The figure for dried grass relates well with that found for hay 3, at 39% whilst the fibre component was 41%. Haylage produced a higher figure for fibre disappearance of 44%, but it was different parts of the fibre. For haylage the improvement was mainly due to the digestibility of mannose, galactose and glucose coupled with a lower digestibility of uronic acids.
Other workers report dry matter digestibility of hays varying from 44-57% 4, but with a fairly consistent fibre digestibility of ~ 44%. Adding other materials such as barley, maize and cubes made little difference to overall fibre digestibility, but when sugar beet pulp was introduced there was a 25% increase in hemicellulose and cellulose digestibility.
Sugar beet is known to have excellent digestibility/fermentability patterns and reports have been consistent in showing its fermentative profile. The end products produced are similar to that of hay and oat fibre, although less in lactic acid and so one would imagine its fibre profile is similar to the other materials. So why then would it have such an impact on raising fibre digestibility? There would appear to be a factor that encourages those bacteria involved in cellulose and hemicellulose fermentation, as the increase in fermentation is greater then the component parts.
This increase in component parts is not just with hay. Recent research work 5 showed that the addition of sugar beet increases the rate of degradation of alfalfa so the combined value is greater than the individual sums. That is, again, sugar beet improves the fermentative capability in the hindgut, beyond the value of its own profile.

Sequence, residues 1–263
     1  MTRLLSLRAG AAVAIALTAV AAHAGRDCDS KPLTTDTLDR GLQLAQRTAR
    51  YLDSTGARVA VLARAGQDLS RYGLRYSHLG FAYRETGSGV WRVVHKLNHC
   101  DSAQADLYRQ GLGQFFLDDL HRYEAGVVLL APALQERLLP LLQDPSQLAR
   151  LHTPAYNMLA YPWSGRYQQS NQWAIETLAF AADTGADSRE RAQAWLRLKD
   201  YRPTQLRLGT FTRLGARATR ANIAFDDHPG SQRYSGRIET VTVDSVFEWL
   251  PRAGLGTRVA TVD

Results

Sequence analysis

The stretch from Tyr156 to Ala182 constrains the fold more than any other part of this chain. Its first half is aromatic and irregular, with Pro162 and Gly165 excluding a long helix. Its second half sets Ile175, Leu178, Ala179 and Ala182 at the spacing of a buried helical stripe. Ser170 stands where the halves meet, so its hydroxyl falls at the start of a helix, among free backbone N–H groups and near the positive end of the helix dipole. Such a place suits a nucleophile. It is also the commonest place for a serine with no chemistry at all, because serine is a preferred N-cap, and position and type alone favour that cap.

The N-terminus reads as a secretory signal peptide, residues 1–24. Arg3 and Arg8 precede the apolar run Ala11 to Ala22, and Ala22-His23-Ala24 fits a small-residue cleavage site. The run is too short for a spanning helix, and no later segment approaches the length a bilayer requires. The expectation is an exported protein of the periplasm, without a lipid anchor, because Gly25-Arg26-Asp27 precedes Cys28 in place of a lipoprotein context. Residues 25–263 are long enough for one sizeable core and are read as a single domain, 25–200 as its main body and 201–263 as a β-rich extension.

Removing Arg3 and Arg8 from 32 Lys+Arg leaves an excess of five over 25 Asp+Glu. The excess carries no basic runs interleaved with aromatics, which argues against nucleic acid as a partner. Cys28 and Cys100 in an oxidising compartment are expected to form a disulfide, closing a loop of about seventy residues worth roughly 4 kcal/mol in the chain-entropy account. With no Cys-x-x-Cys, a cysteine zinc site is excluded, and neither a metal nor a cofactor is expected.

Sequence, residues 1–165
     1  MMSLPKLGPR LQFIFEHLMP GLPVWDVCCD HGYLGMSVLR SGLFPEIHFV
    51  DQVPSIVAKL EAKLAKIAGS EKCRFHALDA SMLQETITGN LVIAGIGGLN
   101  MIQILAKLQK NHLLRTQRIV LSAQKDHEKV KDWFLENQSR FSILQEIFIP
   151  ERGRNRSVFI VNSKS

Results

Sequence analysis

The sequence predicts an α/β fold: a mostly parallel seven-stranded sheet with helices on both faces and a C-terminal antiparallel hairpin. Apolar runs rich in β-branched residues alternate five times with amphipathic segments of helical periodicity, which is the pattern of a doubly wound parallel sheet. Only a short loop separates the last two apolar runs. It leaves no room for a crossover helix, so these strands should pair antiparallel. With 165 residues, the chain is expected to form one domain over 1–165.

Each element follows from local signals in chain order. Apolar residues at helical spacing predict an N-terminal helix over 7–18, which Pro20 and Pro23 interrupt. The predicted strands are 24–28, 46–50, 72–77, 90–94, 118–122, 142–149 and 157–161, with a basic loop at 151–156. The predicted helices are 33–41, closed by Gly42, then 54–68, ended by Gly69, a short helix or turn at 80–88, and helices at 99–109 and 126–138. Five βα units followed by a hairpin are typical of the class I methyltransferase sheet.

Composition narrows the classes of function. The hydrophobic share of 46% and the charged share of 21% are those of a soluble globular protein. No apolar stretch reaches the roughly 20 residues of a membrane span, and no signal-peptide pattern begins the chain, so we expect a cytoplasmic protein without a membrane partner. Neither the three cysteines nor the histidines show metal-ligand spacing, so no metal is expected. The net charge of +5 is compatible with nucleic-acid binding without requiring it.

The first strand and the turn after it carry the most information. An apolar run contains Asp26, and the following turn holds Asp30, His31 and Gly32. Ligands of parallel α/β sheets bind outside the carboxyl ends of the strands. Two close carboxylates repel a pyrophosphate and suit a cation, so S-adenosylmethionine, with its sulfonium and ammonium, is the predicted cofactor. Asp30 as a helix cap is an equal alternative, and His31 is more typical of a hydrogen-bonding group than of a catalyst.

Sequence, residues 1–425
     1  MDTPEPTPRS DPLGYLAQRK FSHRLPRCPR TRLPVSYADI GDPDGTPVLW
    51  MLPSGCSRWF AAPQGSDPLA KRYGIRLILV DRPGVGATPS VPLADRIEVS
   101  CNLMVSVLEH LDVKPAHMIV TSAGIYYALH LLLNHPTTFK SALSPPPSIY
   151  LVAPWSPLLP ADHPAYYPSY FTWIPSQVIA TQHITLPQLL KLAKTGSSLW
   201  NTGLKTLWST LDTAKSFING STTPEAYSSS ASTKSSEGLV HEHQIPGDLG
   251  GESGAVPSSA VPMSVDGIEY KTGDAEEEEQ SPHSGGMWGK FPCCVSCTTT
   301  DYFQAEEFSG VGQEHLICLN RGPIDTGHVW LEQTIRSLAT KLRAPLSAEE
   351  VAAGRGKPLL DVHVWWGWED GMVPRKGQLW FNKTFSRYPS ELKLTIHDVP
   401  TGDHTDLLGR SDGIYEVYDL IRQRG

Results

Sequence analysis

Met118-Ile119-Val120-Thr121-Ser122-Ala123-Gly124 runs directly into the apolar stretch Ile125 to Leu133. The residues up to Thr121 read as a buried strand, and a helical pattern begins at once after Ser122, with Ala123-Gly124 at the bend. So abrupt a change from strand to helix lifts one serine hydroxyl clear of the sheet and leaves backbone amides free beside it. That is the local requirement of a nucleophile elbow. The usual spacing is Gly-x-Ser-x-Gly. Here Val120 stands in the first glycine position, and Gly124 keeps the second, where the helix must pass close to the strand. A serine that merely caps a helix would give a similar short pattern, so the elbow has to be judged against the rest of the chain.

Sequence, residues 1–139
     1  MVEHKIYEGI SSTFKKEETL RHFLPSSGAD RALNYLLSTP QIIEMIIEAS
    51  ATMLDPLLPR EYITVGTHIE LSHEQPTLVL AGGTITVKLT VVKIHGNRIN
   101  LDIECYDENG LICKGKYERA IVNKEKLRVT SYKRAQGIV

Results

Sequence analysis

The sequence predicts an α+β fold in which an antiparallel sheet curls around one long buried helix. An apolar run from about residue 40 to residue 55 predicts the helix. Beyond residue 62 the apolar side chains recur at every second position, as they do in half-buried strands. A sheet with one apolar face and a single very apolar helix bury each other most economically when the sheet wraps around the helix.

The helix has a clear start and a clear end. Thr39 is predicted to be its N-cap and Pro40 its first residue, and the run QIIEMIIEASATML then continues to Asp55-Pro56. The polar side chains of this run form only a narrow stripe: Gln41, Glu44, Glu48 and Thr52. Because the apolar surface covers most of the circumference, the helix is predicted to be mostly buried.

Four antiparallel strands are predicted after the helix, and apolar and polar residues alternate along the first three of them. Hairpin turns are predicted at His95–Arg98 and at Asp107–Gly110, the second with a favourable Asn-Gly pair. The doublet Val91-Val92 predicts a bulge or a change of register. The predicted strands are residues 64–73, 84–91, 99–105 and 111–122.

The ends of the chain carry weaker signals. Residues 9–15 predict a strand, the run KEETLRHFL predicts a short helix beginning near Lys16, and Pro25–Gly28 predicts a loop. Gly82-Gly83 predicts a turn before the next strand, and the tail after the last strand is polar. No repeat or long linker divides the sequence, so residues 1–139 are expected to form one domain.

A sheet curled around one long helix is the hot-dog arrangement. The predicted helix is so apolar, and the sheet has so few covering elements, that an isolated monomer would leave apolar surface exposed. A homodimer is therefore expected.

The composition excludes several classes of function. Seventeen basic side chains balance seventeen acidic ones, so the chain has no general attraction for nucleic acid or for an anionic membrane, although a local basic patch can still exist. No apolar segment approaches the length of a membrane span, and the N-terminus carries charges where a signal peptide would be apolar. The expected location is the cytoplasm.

Although the mechanisms are still unclear, it is thought that the readily degradable fibres in sugar beet (pectins, hemicelluloses) added to the secondary cell wall material of alfalfa or hay (cellulose) creates an optimum microbial population for the fermentation of all the fibre components, a population that would not be achieved in the absence of sugar beet.
This discovery must be of considerable interest in the feeding of horses. The wide use of alfalfa as a feedingstuff, and the increasing popularity of Speedi-Beet (which has removed the major disadvantage of feeding sugar beet – soaking times – as well as improving overall nutrient availability) means there is now a combination that can provide a remarkable fibre profile and enhanced energy intake, up and above the traditionally held values.
Additionally, by incorporating other ideal fibre sources that have shown they to benefit from sugar beet addition, Fibre-Beet will provide an ideal fermentation substrate for the maximum digestibility of fibre.
Fibre-Beet, containing Speedi-Beet and quality alfalfa, due to its profile will also encourage an increase in forage digestibility.
Varloud et.al. “Partial and total apparent digestibility of dietary carbohydrates in horses as affected by diet” 2004. Animal Science: 79 61-72.
Hyslop et.al. “In situ incubation sequence and its effect on degradation of food components when measured in the caecum of ponies.” 1999. Animal Science 69: 147-156.
Moore-Collyer & Longland. “Intakes and in vivo apparent digestibilities of four types of conserved grass by ponies.” 2000. Animal Science 71: 527-534.
Vermorel et.al. “Energy utilisation of twelve forages or mixed diets for maintenance by sports horses.” 1997. Livestock Production Science 47: 157-167.
Murray et.al. “In vitro fermentation of different ratios of high-temperature dried lucerne and sugar beet pulp incubated with an equine faecal inoculum.” 2006. Animal Feed Science and Technology 129: 89-98.